The Trump administration has also junked the “roadless rule” for the Tongass National Forest in Southeast Alaska.  The new policy would allow clearcutting of old growth rainforests, many of the trees flanking salmon spawning streams at low elevation. The Tongass used to be viewed mainly as a supply source for two big pulp mills in Ketchikan and Sitka.  The mills are long gone, but a revival of logging poses harm to recreation and fisheries.

One more opening up:  The Trump administration has a new plan that jettisons protections and throws open much of the vast (23 million acre) National Petroleum Reserve to oil and gas leasing.  The land is west of Prudhoe Bay. 

The Obama administration had sought balance, protecting migratory bird nesting areas around Teshekpuk Lake, and habitat of the Western Arctic and Teshekpuk Caribou Herds.  The area holds the highest concentration of barren ground grizzly bears in the Arctic, and wolves and wolverines. The Pebble Mine can be sacrificed, or put off, with much wider development in the offing.  The mine has never been popular in Alaska.  Opening the Arctic Refuge is popular, and has been sought by Alaska politicians and Big Oil for nearly 40 years.

It is strange to think of a major environmental victory, however temporary, influenced by America’s ruling family and worry about harming the Neknak River on while banks Eric Trump’s bachelor party was held. Cantwell is optimistic that Pebble Mine will never coexist with the salmon fishery.  “There is nothing Pebble Mine can say or do to mitigate an unmitigated disaster,” said the senator, who has fought the project for more than a decade. The Arctic Refuge is new prime battleground, and a potential race to get the oil industry in before the Trump administration is voted out.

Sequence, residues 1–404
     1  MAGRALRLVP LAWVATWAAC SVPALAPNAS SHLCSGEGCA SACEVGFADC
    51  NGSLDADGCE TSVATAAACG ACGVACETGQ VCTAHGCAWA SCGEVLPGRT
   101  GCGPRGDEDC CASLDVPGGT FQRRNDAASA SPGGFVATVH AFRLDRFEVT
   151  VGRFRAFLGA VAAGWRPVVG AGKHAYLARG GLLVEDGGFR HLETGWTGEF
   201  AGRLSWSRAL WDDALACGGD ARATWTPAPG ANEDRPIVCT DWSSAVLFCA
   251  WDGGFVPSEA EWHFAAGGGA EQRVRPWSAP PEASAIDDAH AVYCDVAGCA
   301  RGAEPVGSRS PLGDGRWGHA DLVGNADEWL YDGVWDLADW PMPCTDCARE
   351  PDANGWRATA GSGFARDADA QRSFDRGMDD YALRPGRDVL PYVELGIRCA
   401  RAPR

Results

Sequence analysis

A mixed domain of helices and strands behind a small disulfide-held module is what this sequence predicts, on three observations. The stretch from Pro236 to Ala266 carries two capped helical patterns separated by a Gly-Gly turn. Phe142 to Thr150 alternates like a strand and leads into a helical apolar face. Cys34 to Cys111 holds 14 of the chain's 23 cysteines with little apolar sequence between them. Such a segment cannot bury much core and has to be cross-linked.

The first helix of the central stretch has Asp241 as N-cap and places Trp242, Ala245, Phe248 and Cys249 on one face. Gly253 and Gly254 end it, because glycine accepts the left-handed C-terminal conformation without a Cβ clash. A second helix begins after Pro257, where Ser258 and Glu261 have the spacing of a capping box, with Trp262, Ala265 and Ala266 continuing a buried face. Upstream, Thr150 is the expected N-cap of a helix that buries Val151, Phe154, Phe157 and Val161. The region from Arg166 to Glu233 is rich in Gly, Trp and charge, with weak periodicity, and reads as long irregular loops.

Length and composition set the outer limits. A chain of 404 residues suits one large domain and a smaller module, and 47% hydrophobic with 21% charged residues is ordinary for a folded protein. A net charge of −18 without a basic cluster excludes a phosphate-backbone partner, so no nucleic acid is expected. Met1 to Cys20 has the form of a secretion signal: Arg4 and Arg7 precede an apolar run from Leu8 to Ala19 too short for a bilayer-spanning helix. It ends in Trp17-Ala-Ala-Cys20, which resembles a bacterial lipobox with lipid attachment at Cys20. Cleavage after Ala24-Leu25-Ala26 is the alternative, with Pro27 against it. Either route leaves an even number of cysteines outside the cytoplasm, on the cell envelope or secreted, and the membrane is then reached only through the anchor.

“I do believe there certainly could be a lease sale before the end of the year,” said U.S. Interior Secretary (and former industry lobbyist) David Bernhardt. Sen. Murkowski described drilling approval as “a capstone moment in our decades-long push to allow for the responsible” development of more oil in the Arctic.

Not so fast.  As with Pebble, this will be a national battle.  No Trumps or Carlsons to deploy.  Ex-Republican Interior Secretary Gale Norton described the Coastal Plain as “white nothingness.”  So have other prominent conservatives who have flown over the drilling sites. But the Refuge has defenders, all the way back to naturalists Olaus and Mardy Murie, and their camp guest U.S. Supreme Court Justice William O. Doublas..

“The Trump administration is continuing its rush to drill the Arctic National Wildlife Refuge: There’s no good reason to drill in this iconic and sacred place. I’ll do everything I can to reverse this reckless decision,” said Sen. Michael Bennet, D-CO.

Joel Connelly
Joel Connelly
I worked for Seattle Post-Intelligencer from 1973 until it ceased print publication in 2009, and SeattlePI.com from 2009 to 6/30/2020. During that time, I wrote about 9 presidential races, 11 Canadian and British Columbia elections‎, four doomed WPPSS nuclear plants, six Washington wilderness battles, creation of two national Monuments (Hanford Reach and San Juan Islands), a 104 million acre Alaska Lands Act, plus the Columbia Gorge National Scenic Area.